Mindful of these festivities, “Officials in the village of Virgen worried about how new arrivals from the Middle East would react to the local tradition of meeting so-called ‘Christmas Devils’ who pretend to abduct kids.”

Fearing the spectacle would be misunderstood, community representatives last week visited the 22 migrants — including 12 children — who have been housed in the Alpine village since the end of October.

They were shown the frightening masks and given insight into the event’s history with the help of an Arabic translator. The verdict? The newcomers had “lots of fun,” according to social worker Nicole Kranebitter.

The migrants “will now know what to expect when St. Nicholas and the Krampus creatures knock on their door,” Kranebitter added.

She said the next event planned for the families who fled war-torn homelands will be traditional cookie baking.

What a great and thoughtful approach, and in such marked contrast to the xenophobia that has greeted migrants in so many other parts of the world.

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Why are there so many medieval paintings of people battling large snails?

I never knew that giant snails featured so prominently in medieval paintings, but now that I do, this is the first question on my mind. They do, it turns out.  According to Sarah J. Biggs of the British Library, “images of armed knights fighting snails are common” in 13th and 14th century illuminated manuscripts, “especially in marginalia.”  Check out a sampling below:

View post on imgur.com

One theory about the snails, Biggs goes on, is that they represent the Resurrection; others suggest they are a symbol of the Lombards, a group “vilified in the early middle ages for treasonous behaviour”;  still others have described the ‘knight v snail’ motif as “a representation of the struggles of the poor against an oppressive aristocracy, a straightforward statement of the snail’s troublesome reputation as a garden pest, a commentary on social climbers, or even as a saucy symbol of female sexuality.”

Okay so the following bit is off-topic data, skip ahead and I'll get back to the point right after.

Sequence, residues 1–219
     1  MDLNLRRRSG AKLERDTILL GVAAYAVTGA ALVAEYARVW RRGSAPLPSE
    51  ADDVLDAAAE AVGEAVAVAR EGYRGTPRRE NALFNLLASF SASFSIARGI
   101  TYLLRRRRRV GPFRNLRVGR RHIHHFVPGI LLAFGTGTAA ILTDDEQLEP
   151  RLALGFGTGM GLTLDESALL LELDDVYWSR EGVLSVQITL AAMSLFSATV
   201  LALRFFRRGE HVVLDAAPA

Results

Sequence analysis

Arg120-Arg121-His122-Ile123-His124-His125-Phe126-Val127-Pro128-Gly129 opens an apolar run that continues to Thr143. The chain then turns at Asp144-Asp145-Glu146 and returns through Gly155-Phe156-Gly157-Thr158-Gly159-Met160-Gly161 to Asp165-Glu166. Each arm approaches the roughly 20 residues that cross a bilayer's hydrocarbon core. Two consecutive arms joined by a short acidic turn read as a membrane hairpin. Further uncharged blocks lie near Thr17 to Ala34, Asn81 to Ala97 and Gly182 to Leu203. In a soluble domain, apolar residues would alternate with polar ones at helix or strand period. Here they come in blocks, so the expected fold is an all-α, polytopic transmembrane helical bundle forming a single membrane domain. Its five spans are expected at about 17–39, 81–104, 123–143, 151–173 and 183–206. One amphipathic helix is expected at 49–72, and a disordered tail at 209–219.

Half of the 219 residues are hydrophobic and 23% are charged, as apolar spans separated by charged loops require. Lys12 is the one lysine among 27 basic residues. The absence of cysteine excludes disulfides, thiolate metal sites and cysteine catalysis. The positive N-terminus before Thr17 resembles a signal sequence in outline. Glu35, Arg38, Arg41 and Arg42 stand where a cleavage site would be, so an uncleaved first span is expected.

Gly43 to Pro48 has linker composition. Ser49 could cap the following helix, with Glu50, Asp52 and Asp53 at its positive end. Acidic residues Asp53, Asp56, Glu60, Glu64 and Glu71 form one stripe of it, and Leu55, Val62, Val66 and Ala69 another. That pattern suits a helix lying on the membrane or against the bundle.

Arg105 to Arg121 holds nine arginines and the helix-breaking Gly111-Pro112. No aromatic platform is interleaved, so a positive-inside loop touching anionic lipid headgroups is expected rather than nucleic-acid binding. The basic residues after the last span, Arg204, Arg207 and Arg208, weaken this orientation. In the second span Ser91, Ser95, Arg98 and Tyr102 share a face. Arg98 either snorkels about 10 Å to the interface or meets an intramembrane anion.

As /r/AskHistorians puts it, in other words, there are “as many explanations as there are scholars”; fundamentally, we just really don’t know. Redditor /u/TheAlaskan relates another plausible account:

“I’m partial to the explanation of Medievalist Lisa Spangenberg, who suggests that the snail is ‘a reminder of the inevitability of death.’
To understand that reference, you have to refer to Psalm 58 (Wycliffe translation) . We’re looking here at verses 7-8:
7 They shall come to nought, as water running away; he bent his bow, till they be made sick. (They shall come to nothing, like water running forth; and when they go to bend their bows, they shall be made feeble, or weak.)
8 As wax that floateth away, they shall be taken away; fire fell above, and they saw not the sun. (Like a snail that melteth away into slime, they shall be taken away; like a dead-born child, they shall not see the sun.)
Like the snail, even the best-armored knight will melt away.”

Fascinating and bizarre stuff.